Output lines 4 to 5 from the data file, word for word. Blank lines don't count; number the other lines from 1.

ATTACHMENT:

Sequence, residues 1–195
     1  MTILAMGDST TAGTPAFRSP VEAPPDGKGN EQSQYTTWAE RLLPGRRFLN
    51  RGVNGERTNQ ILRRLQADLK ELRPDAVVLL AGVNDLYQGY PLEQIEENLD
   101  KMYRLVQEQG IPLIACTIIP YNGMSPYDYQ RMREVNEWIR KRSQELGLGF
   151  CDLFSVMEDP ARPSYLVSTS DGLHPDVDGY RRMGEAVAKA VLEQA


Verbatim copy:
   101  KMYRLVQEQG IPLIACTIIP YNGMSPYDYQ RMREVNEWIR KRSQELGLGF
   151  CDLFSVMEDP ARPSYLVSTS DGLHPDVDGY RRMGEAVAKA VLEQA